Leaving aside Iraq and Palestine, there are other problems with America’s vision. Given that the US has no history of supporting democracy in the Middle East, we have to look for examples in the present. Washington’s current regional star pupil, and the beneficiary of massive new economic aid, is Jordan. While Jordan remains relatively open compared with some of its neighbors, it has made little progress toward genuine democracy since parliamentary elections in 1989, and, indeed, has taken steps backward. At the same time, Jordan has undergone a superficial transformation into a Western-style consumerist economy, where possessing a cell phone, not a meaningful voice, is the mark of citizenship. This model may work for the few who benefit, but it leaves an increasingly resentful majority out of the picture.
Yet some, even in the Arab world, believe that the massive external shock of the US occupation of Iraq may be a necessary catalyst to stir change. This argument sees US motives as essentially irrelevant: the forces unleashed by the American venture in Iraq will lead to positive change, even if Washington attempts to impose its own hegemony or prop up obedient “moderate” regimes. While born of frustration at decades of stagnation, this view is fraught with problems. Not least that the external shock is producing enormous resistance, which can provoke as much a reactionary as a progressive impulse.
There may be a more positive model of external intervention. For many years, the European Union has offered the prospect of membership to countries that carried out democratic reforms and guaranteed political and human rights to their citizens. It has also offered more limited partnership agreements to the Mediterranean’s Arab states. In both efforts, the EU has used trade and aid to advance reform. This kind of engagement helped transform impoverished military dictatorships in southern Europe into prosperous democratic societies. In recent years, the desire for EU membership has nudged Turkey away from the nationalist and authoritarian tendencies fostered by Ataturkism, towards more democracy. It has a long way to go, but it is notable that those in Turkey pushing for EU membership are those least attached to Turkish militarism and repression.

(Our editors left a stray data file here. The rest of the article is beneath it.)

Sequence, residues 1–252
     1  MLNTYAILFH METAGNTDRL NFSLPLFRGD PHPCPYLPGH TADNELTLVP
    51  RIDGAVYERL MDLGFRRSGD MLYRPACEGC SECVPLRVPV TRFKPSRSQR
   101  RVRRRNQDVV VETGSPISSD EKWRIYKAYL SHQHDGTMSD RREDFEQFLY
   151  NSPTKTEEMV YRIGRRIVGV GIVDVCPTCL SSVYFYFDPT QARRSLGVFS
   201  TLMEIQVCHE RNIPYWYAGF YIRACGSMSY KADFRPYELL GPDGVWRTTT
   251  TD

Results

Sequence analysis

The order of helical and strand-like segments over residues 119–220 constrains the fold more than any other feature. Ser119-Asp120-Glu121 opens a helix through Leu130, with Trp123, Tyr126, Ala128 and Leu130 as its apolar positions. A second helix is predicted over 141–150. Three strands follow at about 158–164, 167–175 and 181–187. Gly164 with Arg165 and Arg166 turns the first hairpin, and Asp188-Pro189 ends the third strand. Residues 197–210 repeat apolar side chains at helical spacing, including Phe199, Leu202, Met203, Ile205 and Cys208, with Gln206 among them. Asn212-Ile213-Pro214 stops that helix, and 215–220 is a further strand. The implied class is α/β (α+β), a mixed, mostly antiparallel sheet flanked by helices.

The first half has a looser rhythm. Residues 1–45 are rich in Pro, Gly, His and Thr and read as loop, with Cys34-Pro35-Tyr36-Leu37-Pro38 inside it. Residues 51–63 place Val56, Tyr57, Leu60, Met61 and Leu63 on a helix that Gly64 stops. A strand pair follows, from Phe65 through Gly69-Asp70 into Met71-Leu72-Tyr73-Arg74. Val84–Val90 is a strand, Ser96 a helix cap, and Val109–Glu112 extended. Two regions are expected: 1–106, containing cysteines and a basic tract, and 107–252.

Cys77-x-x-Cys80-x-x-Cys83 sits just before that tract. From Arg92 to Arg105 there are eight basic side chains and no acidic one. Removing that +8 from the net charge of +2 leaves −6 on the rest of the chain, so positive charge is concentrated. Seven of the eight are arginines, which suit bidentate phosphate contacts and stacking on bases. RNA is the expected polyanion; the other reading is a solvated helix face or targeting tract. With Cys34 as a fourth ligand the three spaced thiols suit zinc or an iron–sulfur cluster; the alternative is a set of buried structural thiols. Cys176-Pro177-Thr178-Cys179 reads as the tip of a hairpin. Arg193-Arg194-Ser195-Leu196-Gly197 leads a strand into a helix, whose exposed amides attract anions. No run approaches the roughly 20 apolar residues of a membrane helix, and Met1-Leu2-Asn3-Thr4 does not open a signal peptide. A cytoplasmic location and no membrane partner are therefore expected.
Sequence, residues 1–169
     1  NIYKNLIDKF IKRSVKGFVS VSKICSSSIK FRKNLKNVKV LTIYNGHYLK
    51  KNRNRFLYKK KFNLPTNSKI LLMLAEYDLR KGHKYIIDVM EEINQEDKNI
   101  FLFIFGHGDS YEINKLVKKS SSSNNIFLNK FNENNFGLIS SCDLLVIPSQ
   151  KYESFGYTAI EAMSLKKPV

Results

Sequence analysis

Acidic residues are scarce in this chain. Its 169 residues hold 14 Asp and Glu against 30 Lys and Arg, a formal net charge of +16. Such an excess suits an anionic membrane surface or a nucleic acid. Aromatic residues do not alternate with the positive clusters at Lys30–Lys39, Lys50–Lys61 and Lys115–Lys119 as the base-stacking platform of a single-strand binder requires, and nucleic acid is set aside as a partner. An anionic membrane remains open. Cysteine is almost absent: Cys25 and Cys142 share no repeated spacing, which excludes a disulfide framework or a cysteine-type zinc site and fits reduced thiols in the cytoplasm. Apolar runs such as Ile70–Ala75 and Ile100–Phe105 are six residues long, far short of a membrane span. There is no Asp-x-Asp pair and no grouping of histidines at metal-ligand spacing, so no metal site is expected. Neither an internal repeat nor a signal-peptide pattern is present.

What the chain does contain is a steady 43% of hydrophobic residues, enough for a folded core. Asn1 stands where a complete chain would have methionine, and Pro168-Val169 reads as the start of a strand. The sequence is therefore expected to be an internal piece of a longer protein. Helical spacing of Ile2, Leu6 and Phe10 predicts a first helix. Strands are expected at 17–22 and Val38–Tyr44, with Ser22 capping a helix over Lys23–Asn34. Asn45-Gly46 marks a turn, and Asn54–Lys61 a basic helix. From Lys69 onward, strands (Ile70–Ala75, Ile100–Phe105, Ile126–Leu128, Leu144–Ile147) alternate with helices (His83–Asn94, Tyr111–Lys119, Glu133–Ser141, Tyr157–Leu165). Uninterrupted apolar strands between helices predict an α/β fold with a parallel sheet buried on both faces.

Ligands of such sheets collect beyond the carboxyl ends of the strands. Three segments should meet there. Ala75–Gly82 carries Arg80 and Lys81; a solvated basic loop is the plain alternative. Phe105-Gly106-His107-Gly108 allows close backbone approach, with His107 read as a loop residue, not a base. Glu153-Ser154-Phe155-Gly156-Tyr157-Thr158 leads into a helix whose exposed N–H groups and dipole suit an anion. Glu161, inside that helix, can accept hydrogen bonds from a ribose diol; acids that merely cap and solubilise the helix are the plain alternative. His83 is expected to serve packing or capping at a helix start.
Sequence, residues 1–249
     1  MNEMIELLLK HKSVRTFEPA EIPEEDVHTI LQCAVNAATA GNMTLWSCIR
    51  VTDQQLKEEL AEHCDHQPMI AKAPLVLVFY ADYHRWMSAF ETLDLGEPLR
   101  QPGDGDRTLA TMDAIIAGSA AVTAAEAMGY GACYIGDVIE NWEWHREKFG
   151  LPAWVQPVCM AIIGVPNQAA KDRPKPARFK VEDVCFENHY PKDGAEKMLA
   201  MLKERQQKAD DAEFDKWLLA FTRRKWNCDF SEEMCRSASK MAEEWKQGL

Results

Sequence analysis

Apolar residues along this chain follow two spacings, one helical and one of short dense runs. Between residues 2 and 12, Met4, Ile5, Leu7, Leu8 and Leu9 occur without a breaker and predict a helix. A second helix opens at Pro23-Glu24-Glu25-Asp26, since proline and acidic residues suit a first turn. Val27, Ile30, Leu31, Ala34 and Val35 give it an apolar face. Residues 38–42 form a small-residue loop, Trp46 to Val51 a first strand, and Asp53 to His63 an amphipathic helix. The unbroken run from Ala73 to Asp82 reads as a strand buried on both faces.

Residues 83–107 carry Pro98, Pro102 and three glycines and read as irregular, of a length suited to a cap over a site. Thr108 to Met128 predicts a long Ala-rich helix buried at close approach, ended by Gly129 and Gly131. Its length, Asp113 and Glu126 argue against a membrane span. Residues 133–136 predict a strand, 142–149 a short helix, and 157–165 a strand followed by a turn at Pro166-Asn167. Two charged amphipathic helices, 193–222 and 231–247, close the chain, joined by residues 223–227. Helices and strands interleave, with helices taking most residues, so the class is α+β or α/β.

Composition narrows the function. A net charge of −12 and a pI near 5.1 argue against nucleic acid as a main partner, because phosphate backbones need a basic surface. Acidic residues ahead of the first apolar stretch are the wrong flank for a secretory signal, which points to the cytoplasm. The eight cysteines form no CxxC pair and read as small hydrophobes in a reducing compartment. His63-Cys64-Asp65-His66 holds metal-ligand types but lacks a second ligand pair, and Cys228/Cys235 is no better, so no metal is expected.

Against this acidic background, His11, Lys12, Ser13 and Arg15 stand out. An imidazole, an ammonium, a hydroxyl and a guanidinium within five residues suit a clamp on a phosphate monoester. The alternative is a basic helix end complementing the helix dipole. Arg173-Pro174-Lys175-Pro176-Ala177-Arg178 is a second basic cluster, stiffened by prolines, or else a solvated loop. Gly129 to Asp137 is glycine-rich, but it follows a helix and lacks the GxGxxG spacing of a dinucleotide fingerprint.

The obvious problem with this model is that the EU, which is about to undergo a massive enlargement eastward, already has a full plate. And the process is slow. Europeans also feel culturally distant from the Arab world and Islam, though ties are closer than between Arabs and Americans. But Europe has economic and political interests in offering an alternative approach to the Arab world than that presented by the American sledgehammer. Indeed, this acknowledgment is what drove the Euro-Med partnership agreements, which are valuable, but also limited in scope. What is vital is that the EU and the Arab states embrace a positive agenda, one built on partnership and equality.
If Europe began an intensive and serious engagement with one or two Arab countries — and the Euro-Med partnerships perhaps offer a framework for this — successfully encouraging changes that earlier helped transform former autocratic systems like Spain and Greece, the clamor among Arab populations for similar transformations could become irresistible.
Ali Abunimah is one of the co-founders of The Electronic Intifada and Electronic Iraq. This article was first published in The Daily Star on 27 August 2003.